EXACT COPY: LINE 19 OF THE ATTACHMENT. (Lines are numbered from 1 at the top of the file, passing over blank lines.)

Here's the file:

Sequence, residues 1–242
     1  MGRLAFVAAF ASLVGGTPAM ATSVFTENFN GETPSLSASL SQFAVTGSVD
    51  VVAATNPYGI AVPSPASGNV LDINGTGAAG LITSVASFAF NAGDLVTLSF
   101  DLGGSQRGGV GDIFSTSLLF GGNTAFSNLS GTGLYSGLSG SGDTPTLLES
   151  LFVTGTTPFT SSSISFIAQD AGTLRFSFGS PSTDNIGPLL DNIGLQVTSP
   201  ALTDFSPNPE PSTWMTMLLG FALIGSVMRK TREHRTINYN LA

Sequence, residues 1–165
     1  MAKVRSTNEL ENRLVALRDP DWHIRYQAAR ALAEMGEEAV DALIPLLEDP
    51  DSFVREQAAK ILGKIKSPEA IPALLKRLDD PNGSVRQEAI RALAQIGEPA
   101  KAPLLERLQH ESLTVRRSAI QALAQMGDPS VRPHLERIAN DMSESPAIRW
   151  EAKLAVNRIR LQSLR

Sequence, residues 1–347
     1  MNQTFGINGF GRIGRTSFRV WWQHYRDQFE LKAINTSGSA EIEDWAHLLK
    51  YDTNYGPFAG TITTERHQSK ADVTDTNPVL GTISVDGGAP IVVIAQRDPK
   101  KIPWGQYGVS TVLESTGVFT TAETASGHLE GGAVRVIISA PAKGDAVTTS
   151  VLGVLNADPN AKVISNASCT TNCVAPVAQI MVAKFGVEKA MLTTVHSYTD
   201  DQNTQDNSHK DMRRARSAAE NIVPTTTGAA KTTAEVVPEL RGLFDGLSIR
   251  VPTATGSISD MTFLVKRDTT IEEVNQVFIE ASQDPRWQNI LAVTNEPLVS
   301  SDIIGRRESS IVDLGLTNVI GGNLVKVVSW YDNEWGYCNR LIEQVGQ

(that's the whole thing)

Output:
   301  SDIIGRRESS IVDLGLTNVI GGNLVKVVSW YDNEWGYCNR LIEQVGQ